For the past 40 years, labor has fallen behind capital causing a surge in inequality. Over the past three years, workers’, especially at the lower end of the pay scale such as manual labor or service jobs, have made up some ground and now Powell wants to squash those gains? Remember, in 2022, the average worker saw wage gains of just 5.7%, which is below the 7.8% rate of inflation, meaning workers are still falling behind in real terms.

I am hopeful the U.S. economy is strong and dynamic enough to maintain a strong labor market and avoid a broad recession.

So far, layoffs have been contained to white collar jobs and the mostly tech sector, which became bloated with overpaid workers during a surge in hiring from both start-ups and large corporations. That’s all fine and good; there was too much bad investment and pie in the sky projections… if not outright fraud.

Businesses need to rightsize their staff, focus on profitability, and wean themselves from the free money they were living on.

The companies that survive or make the appropriate changes will be healthier and get back on the growth path quicker.

Likewise, in our trading and investing many people had become too comfortable with “buy the dip” and 2022 disabused them of the notion that markets only go up.

As you know, Options360 kept a steady hand on the wheel and returned 27.6% in 2022, marking the 8th consecutive year of beating the S&P 500 by at least 15 basis points. Ok, technically that’s not official yet as there are still a few days remaining.

For others that got caught up in the mania or simply suffered with a traditional 60/40 portfolio, but remember, bonds posted their worst year on record. 2023 will be a chance for redemption.

With inflation likely to remain sticky, you can’t sit on cash for too long without serious erosion of its value, but you still need to be careful; more people have gone bust reaching for yield through aggressive tactics like leverage than just bad stock picking.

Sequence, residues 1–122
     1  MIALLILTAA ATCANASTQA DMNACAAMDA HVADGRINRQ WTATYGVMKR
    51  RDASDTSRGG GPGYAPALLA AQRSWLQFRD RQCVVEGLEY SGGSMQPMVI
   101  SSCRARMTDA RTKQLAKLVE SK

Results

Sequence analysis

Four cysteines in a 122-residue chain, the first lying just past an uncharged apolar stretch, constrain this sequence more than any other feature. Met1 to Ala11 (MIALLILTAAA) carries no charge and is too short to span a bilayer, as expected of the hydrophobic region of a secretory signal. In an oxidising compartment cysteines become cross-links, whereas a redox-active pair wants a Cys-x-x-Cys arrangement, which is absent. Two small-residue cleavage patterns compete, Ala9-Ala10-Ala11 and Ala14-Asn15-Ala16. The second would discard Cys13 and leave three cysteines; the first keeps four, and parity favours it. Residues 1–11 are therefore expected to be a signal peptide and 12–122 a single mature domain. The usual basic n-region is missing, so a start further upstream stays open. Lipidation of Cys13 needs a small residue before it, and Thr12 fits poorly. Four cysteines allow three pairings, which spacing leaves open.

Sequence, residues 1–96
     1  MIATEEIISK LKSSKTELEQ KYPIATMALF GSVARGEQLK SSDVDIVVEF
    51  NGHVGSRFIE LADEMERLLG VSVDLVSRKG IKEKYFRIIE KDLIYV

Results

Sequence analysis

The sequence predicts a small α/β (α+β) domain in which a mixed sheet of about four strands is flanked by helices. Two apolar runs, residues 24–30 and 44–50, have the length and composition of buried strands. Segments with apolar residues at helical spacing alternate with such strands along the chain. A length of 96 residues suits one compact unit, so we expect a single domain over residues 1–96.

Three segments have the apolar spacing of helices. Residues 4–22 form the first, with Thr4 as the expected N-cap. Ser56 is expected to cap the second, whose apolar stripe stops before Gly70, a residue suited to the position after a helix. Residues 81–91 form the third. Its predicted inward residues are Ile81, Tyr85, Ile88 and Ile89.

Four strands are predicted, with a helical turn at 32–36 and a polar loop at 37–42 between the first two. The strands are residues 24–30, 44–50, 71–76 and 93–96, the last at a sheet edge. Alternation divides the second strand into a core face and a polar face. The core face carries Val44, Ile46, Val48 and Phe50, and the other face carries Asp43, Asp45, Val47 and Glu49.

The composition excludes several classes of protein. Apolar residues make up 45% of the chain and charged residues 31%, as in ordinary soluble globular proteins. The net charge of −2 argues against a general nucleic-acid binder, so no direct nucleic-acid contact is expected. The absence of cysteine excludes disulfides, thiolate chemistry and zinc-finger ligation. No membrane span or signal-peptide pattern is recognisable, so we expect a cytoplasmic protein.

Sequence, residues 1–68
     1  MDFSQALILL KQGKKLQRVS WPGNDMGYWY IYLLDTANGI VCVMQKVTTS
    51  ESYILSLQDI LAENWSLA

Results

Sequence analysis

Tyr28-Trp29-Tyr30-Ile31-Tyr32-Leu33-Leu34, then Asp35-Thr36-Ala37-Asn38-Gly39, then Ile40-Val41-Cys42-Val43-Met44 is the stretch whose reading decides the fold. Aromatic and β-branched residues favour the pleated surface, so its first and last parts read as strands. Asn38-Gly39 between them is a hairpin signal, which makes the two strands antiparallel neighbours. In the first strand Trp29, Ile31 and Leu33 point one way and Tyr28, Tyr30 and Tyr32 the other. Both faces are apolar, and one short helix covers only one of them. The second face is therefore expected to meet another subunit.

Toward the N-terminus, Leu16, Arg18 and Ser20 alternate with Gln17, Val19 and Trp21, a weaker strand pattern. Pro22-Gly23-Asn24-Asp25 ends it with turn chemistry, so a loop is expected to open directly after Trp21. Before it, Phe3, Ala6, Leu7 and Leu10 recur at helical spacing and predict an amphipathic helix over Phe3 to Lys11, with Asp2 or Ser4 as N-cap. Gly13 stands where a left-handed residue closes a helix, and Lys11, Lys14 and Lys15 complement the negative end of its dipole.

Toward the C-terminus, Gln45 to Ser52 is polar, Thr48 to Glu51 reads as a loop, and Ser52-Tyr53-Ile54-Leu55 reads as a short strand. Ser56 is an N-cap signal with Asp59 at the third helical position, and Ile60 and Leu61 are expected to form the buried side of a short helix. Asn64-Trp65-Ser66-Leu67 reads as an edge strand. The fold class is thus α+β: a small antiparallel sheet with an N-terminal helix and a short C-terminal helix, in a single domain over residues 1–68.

I think we still have several months of treacherous waters ahead, but my experience tells me that operating with competence will result in a successful mission.

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About author

Steve Smith

Steve Smith have been involved in all facets of the investment industry in a variety of roles ranging from speculator, educator, manager and advisor. This has taken him from the trading floors of Chicago to hedge funds on Wall Street to the world online. From 1987 to 1996, he served as a market maker at the Chicago Board of Options Exchange (CBOE) and Chicago Board of Trade (CBOT). From 1997 to 2007, he was a Senior Columnist and Managing Editor for TheStreet.com, handling their Option Alert and Short Report newsletters. The Option Alert was awarded the MIN “best business newsletter” in 2006. From 2009 to 2013, Smith was a Senior Columnist and Managing Editor for Minyanville’s OptionSmith newsletter, as well as a Risk Manager Consultant for New Vernon Capital LLC. Smith acted as an advisor to build models and option strategies to reduce portfolio exposure and enhance returns for the four main funds. Since 2015, he has worked for Adam Mesh Trading Group. There, he has managed Options360 and Earning 360, been co-leader of Option Academy, and contributed to The Option Specialist website.